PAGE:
2020 Honda Insight Review
  • Car Review

2020 Honda Insight Review

By Zac Estrada | November 4, 2020

Quick Facts:


  • Highly fuel-efficient hybrid powertrain.
  • Aces crash tests and comes standard with lots of driver assistance tech.
  • Responsive handling and reasonably sprightly acceleration.


  • Hybrid system works hard under hard acceleration.
  • Sedan bodystyle limits versatility.
  • Touchscreen controls are convoluted.

Would we buy one? Yes.

Vehicle Type: Four-door, five-seat compact gas-electric hybrid sedan

Price Range: From $23,885 to $29,295 MSRP, including $955 destination charge.

Powertrain: A 1.5-liter four-cylinder engine and 96-kW electric motor, with a total output of 151 horsepower and 197 lb-ft of torque, a CVT, and front-wheel-drive.

Competitors: Ford Fusion Hybrid, Honda Accord Hybrid, Hyundai Ioniq, Hyundai Sonata Hybrid, Kia Niro, Kia Optima Hybrid, Toyota Camry Hybrid, Toyota Corolla Hybrid, Toyota Prius.

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Overall Score: 7.4/10

Safety Features: 8/10


The Insurance Institute for Highway Safety (IIHS) gave the 2020 Honda Insight its Top Safety Pick + rating, its highest honor. The National Highway Transportation Safety Administration (NHTSA) awarded the Insight its top five-star rating in the overall evaluation, and it achieved a maximum rating in front, side, and rollover tests.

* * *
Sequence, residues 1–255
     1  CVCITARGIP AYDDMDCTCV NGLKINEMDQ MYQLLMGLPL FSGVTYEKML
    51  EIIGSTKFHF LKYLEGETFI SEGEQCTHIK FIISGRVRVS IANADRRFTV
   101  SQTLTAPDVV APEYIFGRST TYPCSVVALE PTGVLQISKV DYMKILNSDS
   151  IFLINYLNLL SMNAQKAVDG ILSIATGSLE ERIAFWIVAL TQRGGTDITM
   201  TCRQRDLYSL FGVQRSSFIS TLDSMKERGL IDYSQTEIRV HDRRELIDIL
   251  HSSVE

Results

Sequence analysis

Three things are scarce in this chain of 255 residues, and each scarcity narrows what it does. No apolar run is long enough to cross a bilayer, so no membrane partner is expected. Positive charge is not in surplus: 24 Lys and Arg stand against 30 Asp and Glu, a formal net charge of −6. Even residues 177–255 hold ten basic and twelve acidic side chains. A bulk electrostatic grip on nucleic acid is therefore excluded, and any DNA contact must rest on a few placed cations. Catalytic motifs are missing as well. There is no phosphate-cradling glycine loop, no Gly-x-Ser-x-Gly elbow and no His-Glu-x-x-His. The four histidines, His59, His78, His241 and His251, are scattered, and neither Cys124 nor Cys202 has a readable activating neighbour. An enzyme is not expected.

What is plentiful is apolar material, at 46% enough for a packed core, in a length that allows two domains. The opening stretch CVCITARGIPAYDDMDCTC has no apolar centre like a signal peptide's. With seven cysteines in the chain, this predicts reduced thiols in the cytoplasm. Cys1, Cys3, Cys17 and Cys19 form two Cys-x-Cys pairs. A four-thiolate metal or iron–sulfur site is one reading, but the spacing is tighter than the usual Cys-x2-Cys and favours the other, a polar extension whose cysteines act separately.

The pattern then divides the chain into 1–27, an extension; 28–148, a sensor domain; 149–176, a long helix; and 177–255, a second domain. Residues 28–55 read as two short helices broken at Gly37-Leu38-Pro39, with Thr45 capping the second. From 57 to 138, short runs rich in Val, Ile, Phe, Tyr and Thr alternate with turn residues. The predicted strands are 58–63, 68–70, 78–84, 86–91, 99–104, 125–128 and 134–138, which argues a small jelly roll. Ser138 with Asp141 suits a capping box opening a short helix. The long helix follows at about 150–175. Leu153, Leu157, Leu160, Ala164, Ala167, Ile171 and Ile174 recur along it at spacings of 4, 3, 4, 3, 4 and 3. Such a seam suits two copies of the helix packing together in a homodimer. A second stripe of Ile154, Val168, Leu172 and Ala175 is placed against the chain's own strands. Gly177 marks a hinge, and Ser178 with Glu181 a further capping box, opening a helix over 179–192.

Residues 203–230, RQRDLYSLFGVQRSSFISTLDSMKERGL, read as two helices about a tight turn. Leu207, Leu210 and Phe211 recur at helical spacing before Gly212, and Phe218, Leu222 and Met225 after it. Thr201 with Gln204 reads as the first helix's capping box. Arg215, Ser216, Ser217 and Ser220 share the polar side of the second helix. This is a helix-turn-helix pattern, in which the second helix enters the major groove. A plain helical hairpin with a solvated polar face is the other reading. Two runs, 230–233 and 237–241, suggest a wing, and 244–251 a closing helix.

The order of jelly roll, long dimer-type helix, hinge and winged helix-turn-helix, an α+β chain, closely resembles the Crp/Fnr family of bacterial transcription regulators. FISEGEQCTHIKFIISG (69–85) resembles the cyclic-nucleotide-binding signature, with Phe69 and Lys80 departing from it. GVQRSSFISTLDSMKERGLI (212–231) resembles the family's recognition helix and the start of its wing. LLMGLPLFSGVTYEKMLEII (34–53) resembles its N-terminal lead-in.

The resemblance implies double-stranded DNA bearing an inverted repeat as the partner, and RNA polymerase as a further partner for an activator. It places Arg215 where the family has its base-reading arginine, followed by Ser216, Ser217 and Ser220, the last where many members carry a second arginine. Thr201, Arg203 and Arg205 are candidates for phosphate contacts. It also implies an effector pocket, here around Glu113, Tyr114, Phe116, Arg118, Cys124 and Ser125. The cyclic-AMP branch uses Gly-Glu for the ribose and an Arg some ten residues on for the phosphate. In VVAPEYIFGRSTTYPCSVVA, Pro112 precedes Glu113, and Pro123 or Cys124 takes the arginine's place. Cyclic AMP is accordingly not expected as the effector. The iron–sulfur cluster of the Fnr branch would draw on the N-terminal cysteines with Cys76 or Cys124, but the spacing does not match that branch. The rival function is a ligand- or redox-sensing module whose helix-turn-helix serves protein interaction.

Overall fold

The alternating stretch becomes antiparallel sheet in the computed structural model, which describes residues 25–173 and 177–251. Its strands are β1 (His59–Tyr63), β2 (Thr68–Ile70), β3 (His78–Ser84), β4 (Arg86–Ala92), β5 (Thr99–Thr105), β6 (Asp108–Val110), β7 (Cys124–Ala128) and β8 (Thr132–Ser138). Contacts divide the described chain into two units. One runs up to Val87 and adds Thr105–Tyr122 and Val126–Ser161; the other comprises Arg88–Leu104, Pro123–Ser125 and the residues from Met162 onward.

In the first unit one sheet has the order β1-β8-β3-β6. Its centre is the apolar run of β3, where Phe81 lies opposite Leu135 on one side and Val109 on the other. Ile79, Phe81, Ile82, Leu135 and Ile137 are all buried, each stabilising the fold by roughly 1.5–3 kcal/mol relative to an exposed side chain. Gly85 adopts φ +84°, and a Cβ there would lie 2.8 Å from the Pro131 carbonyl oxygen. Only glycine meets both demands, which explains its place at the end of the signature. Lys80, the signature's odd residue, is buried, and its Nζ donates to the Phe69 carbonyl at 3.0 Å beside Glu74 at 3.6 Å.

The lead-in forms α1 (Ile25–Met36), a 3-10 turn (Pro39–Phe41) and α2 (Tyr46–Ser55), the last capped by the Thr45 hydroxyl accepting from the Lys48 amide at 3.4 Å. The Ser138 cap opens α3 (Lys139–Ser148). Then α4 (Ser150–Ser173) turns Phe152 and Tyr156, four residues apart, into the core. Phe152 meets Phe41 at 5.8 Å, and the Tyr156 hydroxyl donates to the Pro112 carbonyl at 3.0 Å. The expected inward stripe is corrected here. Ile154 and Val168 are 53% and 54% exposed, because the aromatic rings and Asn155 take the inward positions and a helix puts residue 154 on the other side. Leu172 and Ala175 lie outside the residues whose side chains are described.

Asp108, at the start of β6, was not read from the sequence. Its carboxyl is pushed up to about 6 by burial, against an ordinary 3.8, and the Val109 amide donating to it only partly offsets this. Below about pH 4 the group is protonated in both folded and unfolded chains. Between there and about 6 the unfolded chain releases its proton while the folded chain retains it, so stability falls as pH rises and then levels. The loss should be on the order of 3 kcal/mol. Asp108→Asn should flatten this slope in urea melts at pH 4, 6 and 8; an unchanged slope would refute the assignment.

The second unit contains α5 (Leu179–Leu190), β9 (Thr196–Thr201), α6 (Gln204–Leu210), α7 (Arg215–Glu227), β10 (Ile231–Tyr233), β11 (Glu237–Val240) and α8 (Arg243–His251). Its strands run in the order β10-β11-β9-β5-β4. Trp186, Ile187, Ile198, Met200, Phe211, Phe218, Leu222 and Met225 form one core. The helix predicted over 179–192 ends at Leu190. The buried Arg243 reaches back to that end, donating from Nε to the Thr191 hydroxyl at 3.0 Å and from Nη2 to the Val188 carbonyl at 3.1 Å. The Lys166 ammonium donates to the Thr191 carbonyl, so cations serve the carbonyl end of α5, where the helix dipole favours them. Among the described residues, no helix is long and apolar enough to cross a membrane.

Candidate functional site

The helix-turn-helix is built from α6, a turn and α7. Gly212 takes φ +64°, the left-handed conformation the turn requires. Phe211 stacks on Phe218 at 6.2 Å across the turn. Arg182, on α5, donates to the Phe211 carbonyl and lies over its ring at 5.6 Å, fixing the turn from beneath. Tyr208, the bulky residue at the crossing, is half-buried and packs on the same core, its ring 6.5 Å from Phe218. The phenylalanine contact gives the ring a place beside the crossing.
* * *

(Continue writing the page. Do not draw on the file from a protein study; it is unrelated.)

Every Insight comes with the Honda Sensing suite of driver assistance systems, including adaptive cruise control, automatic emergency braking with pedestrian detection and forward collision warning, Collision Mitigating Braking System, and lane departure warning with lane-keeping assist. And the IIHS found the Insight's standard LED headlamps performed well enough to earn the highest Good rating. The main demerit is that there is no conventional blind-spot monitoring system on the Insight. Instead, EX and Touring models get the Honda LaneWatch camera system, which projects an image of what's along the car's right side when the right turn signal goes on. LX models do without anything.

Value: 8/10


The Insight comes in three trim levels: LX, EX, and Touring. Pricing for the base LX starts just under $24,000 and is very well equipped. Standard equipment includes 16-inch alloy wheels, traffic sign recognition, LED headlights and taillights, automatic climate control, push-button start, and a height-adjustable driver's seat. EX models get a few more useful items such as keyless entry, 60/40 split-folding rear seat, and Apple CarPlay and Android Auto compatibility to go with an 8-inch touchscreen.

The Touring trim comes in at about $29,000, which is slightly more than the corresponding Civic Touring sedan. It comes with a dual-zone climate control system, power moonroof, leather upholstery, an 8-way power driver's seat, auto-dimming rearview mirror, and a built-in navigation system.

The Insight LX is about the same price as the Toyota Corolla Hybrid but has a few more features. It's also more than $1,000 less expensive than the Toyota Prius. But the Hyundai Ioniq slightly undercuts them all.

Tech Features: 6/10


The Insight LX comes standard with a 5-inch monochromatic LCD screen for its six-speaker audio system. Bluetooth phone and streaming audio is standard, along with one USB port. Honda Insight EX models upgrade to an 8-inch touchscreen with Apple CarPlay and Android Auto connectivity and satellite radio, an 8-speaker audio system, and two USB ports. The Honda Insight Touring goes a step further with a 10-speaker audio system, built-in navigation system, and mobile wi-fi hotspot tethering.